Subject: Re: But why?
To: None <email@example.com>
From: der Mouse <mouse@Holo.Rodents.Montreal.QC.CA>
Date: 10/23/1996 20:33:35
> GCC is pretty cool. It has a lot of useful stuff that the commercial
> vendors haven't picked up yet. The inlining works, the assembler
> interface is good, the -Wall is great (checks printf strings and
> lints them against the arguments). Etc.
Well, -W could use a lot of improvement; I'd really like to be able to
use -Werror for most warnings but downgrade a few selected ones back to
just warnings. (Perhaps someday I'll do it even without any reason to
think it'll get back into anyone's tree, just 'cause it'll be so useful
>> You're speaking to a wide range of audiences, and calling something
>> broken when it isn't is not a good idea.
> When talking to David, or other passionate kernel jocks, "broken"
> translates to "not as good as it could be". If it could bebetter, it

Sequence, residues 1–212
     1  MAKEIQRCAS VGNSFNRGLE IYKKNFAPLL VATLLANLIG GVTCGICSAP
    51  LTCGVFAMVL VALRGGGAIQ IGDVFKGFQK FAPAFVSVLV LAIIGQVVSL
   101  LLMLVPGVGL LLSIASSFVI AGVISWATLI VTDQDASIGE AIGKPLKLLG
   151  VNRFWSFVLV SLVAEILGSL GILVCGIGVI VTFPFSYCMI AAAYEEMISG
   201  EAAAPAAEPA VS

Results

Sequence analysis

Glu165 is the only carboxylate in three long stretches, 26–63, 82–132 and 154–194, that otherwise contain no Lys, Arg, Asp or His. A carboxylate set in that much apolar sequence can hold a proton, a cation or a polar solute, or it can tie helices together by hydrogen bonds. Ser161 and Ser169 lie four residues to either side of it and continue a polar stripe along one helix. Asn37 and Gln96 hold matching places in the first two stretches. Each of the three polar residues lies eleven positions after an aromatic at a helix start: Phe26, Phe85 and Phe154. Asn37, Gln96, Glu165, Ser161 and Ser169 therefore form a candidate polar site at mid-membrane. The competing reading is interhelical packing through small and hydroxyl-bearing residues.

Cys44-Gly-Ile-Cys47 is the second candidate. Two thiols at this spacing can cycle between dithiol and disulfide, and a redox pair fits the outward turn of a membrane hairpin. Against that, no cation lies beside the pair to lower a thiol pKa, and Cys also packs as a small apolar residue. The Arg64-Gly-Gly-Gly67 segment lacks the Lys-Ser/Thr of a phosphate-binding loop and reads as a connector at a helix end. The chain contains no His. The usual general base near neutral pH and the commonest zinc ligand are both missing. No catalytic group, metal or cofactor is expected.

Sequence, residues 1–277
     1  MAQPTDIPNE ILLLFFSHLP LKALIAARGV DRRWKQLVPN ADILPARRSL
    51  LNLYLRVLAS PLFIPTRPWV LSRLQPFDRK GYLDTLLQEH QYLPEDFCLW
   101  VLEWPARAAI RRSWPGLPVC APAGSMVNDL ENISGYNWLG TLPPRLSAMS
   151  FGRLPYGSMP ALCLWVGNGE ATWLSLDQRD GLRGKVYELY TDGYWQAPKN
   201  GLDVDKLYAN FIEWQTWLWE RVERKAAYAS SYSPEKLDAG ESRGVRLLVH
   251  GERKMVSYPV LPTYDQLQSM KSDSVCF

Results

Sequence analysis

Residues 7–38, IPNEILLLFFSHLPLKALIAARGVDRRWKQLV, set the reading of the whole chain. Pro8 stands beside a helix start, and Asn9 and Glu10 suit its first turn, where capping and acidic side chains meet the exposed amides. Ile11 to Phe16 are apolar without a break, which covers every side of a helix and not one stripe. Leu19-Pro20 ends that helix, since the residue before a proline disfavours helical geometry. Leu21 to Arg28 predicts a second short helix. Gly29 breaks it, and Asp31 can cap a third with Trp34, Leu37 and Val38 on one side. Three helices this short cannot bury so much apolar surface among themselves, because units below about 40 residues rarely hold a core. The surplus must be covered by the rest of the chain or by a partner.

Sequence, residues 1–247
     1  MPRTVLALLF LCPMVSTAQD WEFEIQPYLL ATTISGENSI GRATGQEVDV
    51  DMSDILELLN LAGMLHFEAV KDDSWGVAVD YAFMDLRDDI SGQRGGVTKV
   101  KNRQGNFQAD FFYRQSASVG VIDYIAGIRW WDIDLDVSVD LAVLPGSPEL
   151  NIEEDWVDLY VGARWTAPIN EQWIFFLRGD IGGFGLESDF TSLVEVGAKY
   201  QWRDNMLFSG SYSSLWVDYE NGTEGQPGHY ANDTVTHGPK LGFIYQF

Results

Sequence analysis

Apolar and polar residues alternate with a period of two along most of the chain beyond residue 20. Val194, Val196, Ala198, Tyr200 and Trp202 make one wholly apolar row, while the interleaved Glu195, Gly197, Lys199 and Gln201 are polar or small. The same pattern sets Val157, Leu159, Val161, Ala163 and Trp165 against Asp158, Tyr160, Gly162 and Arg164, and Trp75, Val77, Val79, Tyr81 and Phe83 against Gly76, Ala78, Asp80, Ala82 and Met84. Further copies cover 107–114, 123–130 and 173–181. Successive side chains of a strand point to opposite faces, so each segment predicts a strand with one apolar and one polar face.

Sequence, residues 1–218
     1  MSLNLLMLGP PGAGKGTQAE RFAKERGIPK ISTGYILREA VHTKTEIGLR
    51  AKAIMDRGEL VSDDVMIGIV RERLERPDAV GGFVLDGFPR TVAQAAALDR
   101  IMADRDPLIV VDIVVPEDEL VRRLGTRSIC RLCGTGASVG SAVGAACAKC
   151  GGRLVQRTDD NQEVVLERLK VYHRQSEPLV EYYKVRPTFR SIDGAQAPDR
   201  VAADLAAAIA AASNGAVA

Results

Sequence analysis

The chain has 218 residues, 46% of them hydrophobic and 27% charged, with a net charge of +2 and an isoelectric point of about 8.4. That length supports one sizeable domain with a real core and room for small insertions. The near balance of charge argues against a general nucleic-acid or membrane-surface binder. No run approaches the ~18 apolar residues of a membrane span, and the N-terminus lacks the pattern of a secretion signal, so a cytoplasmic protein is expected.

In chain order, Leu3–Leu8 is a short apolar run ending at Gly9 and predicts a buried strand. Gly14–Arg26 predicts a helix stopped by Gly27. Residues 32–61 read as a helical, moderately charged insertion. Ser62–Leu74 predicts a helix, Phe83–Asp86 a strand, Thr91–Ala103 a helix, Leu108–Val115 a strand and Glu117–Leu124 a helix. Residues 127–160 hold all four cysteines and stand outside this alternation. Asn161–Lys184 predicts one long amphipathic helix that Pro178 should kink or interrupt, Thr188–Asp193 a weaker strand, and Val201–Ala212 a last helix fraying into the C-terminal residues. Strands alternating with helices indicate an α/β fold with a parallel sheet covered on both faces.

> is "broken". It's a nice, albeit unusual, definition of "broken".
> It is not the normal "it gives you the wrong answer" sort of broken.
It is also an essentially useless definition of "broken", both (a)
because nobody else in the known universe uses it that way, thereby
defeating the point of language (namely, communication), and (b)
because by that definition, _everything_ is "broken". (Is there
_really_ any software you think couldn't be _any_ better?)
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